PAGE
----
A battery 'replacement'

2017-10-11 00:00:00 -0700

So at one point or another my phone battery decided to go all end-of-life on me by inflating like a pillow. Oops!

This presented a problem since I rely on my phone to carry two-factor TOTP secrets, and I kind of needed to export them since I didn’t have a recent backup (for unrelated reasons).

The Google Nexus 4 has the unfortunate property that it requires battery power to turn on, even if the micro-USB connection can provide enough current to run the entire phone. So we needed to make the phone think there was a battery present, even if one wasn’t.

I disassembled my phone and carefully removed the (glued-in!!!) inflated LiPo battery. The battery connector is of a form factor that DigiKey doesn’t carry (I looked!), so I had to scavenge the existing connector. I did this by cutting the battery cable with wire cutters, then carefully soldering wire to exposed metal contacts where the connector is attached to the cable:

A connector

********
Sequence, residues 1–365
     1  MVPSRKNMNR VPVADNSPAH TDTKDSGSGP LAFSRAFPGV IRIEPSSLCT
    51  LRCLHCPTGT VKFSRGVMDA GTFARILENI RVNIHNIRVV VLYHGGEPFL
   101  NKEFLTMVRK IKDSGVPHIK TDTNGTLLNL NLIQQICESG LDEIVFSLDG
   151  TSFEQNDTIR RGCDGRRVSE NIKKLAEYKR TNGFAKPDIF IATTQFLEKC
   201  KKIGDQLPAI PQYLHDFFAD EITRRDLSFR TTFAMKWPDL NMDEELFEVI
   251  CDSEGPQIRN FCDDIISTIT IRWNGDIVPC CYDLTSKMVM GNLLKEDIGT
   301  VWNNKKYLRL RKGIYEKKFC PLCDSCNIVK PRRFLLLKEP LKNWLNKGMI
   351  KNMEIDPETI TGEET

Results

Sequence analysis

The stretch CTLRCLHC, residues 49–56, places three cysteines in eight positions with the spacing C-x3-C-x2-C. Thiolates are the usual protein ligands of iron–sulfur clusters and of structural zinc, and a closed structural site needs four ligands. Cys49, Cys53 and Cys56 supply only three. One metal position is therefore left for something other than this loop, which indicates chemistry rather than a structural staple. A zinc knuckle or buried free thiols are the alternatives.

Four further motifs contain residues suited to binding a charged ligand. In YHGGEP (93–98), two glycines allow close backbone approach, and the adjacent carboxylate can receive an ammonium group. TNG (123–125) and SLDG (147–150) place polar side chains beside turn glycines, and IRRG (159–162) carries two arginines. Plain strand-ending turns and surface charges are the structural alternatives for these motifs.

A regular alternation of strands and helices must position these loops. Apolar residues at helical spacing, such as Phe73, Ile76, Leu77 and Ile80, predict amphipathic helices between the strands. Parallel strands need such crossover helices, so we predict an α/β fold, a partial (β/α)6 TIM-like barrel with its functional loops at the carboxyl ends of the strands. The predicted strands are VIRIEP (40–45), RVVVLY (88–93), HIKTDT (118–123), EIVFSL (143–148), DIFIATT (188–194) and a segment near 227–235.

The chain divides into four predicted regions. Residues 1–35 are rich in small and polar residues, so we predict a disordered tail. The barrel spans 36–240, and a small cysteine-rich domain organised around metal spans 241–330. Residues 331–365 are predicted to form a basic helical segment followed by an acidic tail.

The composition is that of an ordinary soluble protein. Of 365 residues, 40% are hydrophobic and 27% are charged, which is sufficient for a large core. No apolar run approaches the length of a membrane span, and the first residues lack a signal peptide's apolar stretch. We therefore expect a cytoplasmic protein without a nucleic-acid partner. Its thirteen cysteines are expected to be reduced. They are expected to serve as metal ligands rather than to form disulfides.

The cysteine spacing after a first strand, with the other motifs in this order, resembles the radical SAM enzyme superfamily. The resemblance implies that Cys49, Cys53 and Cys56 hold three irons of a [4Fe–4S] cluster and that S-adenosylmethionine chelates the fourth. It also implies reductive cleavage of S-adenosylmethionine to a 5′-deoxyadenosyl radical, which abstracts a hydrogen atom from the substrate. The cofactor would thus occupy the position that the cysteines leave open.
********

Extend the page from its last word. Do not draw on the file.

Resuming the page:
(I didn’t worry about the T pin. On a normal battery, this connects to ground across a thermistor, apparently 10K nominally, but I don’t have any thermistors on hand and didn’t want to play any unnecessary guessing games.)

This was good enough to connect the phone to a benchtop power supply set to 3.7 V, which convinced the phone that there was a battery connected with something like 40% charge.

The worst idea ever

This setup strains the definition of “mobile” in “mobile phone” and is possibly the worst idea ever, but worked well enough for me to exfiltrate the data I needed using adb.

(Originally posted on my How To Make Almost Anything webpage.)

You might also be interested in knowing:

  • The Duo Security application implements a standard counter-based OTP solution as its passcode generation scheme. If you can extract the key (from its private storage) you can then import it into Google Authenticator or any other OATH app.